Power, M.E., D. Tilman, J.A. Estes, B.A. Menge, W.J. Bond, L.S. Mills, G. Daily, J.C. Castilla, J. Lubchenco, and R.T. Paine. 1996. Challenges in the quest for keystones. BioScience 46:609-620.

Pressey, R.L., and A.O. Nicholls. 1989. Application of a numerical algorithm to the selection of reserves in semi-arid New South Wales. Biological Conservation 50:263-278.

Pressey, R.L., C.J. Humphries, C.R. Margules, R.I. Vane-Wright, and P.H. Williams. 1993. Beyond opportunism: Key principles for systematic reserve selection. Trends in Ecology and Evolution 8:124-128.

Pressey, R.L., H.P. Possingham, and C.R. Margules. 1996. Optimality in reserve selection algorithms: When does it matter and how much? Biological Conservation 76:259-267.

Runte, A. 1987. National Parks: The American Experience. Second Edition. Lincoln, NE: University of Nebraska Press.

Scott, J.M., F. Davis, B. Csuti, R. Noss, B. Butterfield, C. Groves, J. Anderson, S. Caicco, F. D’Erchia, T.C. Edwards, J. Ulliman, and R.G. Wright. 1993. Gap analysis: A geographical approach to protection of biological diversity. Wildlife Monographs 123:1-41.

Shaffer, M.L. 1981. Minimum population sizes for species conservation. BioScience 31:131-134.

Shelford, V.E. (ed.). 1926. Naturalist’s Guide to the Americas. Baltimore, MD: Williams and Wilkins.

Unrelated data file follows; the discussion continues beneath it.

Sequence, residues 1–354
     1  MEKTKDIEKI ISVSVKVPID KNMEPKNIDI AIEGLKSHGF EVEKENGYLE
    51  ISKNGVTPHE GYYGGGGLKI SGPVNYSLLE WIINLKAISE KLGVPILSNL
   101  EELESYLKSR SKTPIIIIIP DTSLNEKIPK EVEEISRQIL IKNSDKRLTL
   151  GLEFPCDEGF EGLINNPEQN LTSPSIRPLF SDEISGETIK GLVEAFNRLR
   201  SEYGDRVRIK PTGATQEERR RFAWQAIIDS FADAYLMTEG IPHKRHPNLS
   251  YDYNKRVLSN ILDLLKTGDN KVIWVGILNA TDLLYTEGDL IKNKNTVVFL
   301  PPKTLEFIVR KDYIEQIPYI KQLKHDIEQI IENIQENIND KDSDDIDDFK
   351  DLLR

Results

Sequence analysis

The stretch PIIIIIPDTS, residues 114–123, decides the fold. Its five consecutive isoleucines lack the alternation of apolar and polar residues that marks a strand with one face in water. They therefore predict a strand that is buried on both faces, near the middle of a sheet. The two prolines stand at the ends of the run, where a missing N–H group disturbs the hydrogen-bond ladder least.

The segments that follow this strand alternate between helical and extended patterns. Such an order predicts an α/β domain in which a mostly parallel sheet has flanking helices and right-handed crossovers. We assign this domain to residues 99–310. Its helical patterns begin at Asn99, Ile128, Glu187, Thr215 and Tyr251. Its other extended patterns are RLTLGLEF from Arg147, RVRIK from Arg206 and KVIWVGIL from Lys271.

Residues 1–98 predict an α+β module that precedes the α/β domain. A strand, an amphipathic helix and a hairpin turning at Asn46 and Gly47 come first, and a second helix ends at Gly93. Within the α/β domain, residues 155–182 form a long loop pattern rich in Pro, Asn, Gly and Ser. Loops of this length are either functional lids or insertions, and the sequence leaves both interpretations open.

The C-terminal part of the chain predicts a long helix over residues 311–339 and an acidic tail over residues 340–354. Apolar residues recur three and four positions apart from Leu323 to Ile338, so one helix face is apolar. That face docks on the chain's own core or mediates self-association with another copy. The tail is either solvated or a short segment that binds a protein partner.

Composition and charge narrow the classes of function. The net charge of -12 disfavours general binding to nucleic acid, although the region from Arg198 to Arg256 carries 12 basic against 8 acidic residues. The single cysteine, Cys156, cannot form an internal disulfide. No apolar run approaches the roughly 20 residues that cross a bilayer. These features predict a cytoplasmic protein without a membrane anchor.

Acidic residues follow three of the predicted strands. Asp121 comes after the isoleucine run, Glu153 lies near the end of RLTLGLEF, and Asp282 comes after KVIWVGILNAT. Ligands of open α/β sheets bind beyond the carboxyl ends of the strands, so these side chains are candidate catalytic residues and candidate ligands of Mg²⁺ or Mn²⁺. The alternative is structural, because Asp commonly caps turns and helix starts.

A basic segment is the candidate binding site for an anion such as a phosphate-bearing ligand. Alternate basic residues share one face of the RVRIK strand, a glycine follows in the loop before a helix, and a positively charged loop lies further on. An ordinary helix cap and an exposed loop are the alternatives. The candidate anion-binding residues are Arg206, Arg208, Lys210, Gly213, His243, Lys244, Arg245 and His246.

Shelford, V.E. 1933a. Ecological Society of America: A nature sanctuary plan unanimously adopted by the Society, December 28, 1932. Ecology 14:240-245.

Shelford, V.E. 1933b. Conservation versus preservation. Science 77:535.

Simberloff, D., and L.G. Abele. 1976. Island biogeography theory and conservation practice. Science 191:285-286.

Soulé, M.E. and B. M. Wilcox (eds.). 1980. Conservation Biology: An Ecological-Evolutionary Perspective. Sunderland, MA: Sinauer Associates.

Soulé, M.E. 1986. Conservation biology and the “real world.” Pages 1- 12 in in M.E. Soulé, ed. Conservation Biology: The Science of Scarcity and Diversity. Sunderland, MA: Sinauer.

Soulé, M.E., and D. Simberloff. 1986. What do genetics and ecology tell us about the design of nature reserves? Biological Conservation 35:19-40.

Soulé, M.E. (ed.). 1987. Viable Populations for Conservation. Cambridge, UK: Cambridge University Press.

Soulé, M.E. 1995. An unflinching vision: Networks of people defending networks of lands. Pages 1-8 in D. Saunders, J.L. Craig, and E.M. Mattiske, eds. Nature Conservation 4: The Role of Networks. Sydney: Surrey Beatty, Inc.